As soon as the NFL announced the new rule change for kickoffs a debate was sparked and almost instantly it seemed a general consensus was reached among most players, coaches and fans. That consensus was one of confusion and disappointment.

Earlier this week the NFL announced that they would be moving the spot of the kickoff up five-yards from the 30-yard line to the 35-yard line, which will allow just about every kicker to boot the kickoff deep enough to all but eliminate kickoff returns from the game.

The league’s reasoning? For safety reasons and the health of the players of course and yes it’s impossible not to see the hypocrisy in this disingenuous explanation.

Think you don't like the new kickoff rule? Imagine how free agent Brad Smith feels now that the NFL just limited his overall value. ( Photo)

It’s not to say that the health and safety of the players isn’t the actual intention for the rule change (after all it kind of has to be the only reason right? What other reason would make any sense?), but it kind of feels like deciding to take money away from teachers to fix ever inflating budget problems.

It would sure seem to most that there are far more glaring problems that need to be fixed when dealing with players’ health, like making sure retired players have proper health insurance coverage for one.

The problem with the league’s explanation about this rule change being to protect the safety of the players is the fact that they obviously overlooked the very real possibility of some kickoffs becoming more dangerous.

Yes there will without a doubt be more touchbacks, which obviously eliminates risk, but anyone who thinks all teams will just line up and keep booming kicks out of the back of the end zone are clearly kidding themselves.

This is football, coaches in football look for every advantage possible, especially on special teams, and they will certainly try to exploit this rule change to their benefit. You can be sure there will be plenty of teams launching kicks as high in the air as possible with the hope that the extra five yards will allow their kick coverage team to reach the return man at the same time as the ball, potentially opening players up to much more dangerous hits.

Like with most things in life the effects of this rule change reach far greater lengths than most people will realize. Strategies will change and some teams will be at a far worse competitive disadvantage because of the rule change. Is there anyone out there who thinks this does anything but hurt teams like the Bears and Jets?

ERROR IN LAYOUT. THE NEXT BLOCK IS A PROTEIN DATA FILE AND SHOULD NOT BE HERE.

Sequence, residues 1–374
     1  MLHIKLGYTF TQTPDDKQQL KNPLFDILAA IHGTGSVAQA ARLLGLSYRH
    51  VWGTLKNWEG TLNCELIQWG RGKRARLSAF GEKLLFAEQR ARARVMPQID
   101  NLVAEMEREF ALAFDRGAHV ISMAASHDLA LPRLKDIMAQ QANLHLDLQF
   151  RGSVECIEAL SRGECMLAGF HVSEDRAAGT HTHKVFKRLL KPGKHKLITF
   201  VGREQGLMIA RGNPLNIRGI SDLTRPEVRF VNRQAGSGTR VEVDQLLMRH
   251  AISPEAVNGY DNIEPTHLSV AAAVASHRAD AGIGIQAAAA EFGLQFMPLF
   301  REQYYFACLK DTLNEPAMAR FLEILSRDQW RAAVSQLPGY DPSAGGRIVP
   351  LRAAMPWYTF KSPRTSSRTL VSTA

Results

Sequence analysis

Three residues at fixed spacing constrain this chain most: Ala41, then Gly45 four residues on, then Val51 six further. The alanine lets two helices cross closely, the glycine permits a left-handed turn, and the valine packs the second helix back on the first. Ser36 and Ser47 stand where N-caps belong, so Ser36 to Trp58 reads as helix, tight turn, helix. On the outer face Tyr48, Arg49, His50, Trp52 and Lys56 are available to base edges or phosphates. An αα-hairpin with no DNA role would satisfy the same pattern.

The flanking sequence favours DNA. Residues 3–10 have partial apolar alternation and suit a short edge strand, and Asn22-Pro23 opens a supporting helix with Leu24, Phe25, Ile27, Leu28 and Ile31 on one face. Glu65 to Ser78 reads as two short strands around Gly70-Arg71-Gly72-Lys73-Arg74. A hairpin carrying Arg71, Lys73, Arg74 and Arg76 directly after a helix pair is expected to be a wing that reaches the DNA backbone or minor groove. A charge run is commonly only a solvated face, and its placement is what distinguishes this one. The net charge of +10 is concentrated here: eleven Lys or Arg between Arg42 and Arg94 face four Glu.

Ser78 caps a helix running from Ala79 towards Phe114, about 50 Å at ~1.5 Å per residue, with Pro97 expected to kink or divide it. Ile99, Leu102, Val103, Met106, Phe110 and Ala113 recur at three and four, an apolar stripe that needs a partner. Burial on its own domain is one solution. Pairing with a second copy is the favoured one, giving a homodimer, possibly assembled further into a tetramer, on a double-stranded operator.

But what about the players who will be directly personally effected from this rule change?

Devin Hester was arguably the Bears most dangerous weapon and now his potential impact has been severely limited. Not only does that hurt the Bears, but what happens to Hester in a couple of seasons if he can’t be productive returning kicks? You think the Bears will keep him on their roster with his current salary if he can’t do what they paid him for?

The Jets are always among the best special teams units in the league, primarily because of special teams coach Mike Westhoff. Now one is left to wonder just how much the new rule change takes away from one of the Jets biggest strengths. Think of how many times the Jets have had scoring drives because they were working with a short field due to a long kick return, that’s a big part of the Jets game and now that strength could very well be rendered worthless. Would the Jets have been able to beat the Colts in the playoffs last season without that late kick return to set up the game-winning drive?

Much like Hester, the football Swiss Army Knife known as Brad Smith will also be personally affected by this rule change, not just by his production on the field, but also in his bank account. With Smith looking for a new contract, his value just took a big hit. If kick returns aren’t going to stay a big part of the game then teams will be left to guess how much value he can bring to them in the ‘Wildcat.’

“It’s just a thing that’s taking away the ball from us, to get us the chance to make plays on special teams, which is a huge part of the game.” Smith told SiriusXM’s Mad Dog Radio. “Maybe they know something I don’t. Maybe they have a plan for it. And I’m sure Mike Westhoff has drawn up things already for us … It just really changes the whole dynamic of a game, one of the most important plays in football. So there’s going to be a lot of coaches that spend a lot of time trying to figure it out.”

These new rules will alter the way the entire game is played and will have a direct impact on the value of many players. Kick returns are one of the best and easiest ways for young guys to prove themselves as a productive NFL player, special teams used to act as a sort of entry-level position for many young players, now coaches aren’t going to have any idea how to properly identify the value in these players until they finally get a feel for how this rule will play out.

There are many reasons why players and coaches tend not to like the rule, but for fans it’s mostly about the fact that it appears the NFL is trying to eliminate one of the most exciting plays in all of sports.

With the fines for subjective, “excessive hits,”  flags for celebrations and now a rule that seems to be designed to eliminate kick returns, it is starting to seem to many that the NFL is doing the best they can to take away as much excitement from the game as possible.

But the rule passed and assuming football is played again, the rule will be implemented immediately and teams and specific players will just have to adjust.

And like it or not, you fans will have to adjust as well. After all if the lockout has taught us anything it’s that the opinion of the fans means absolutely nothing.

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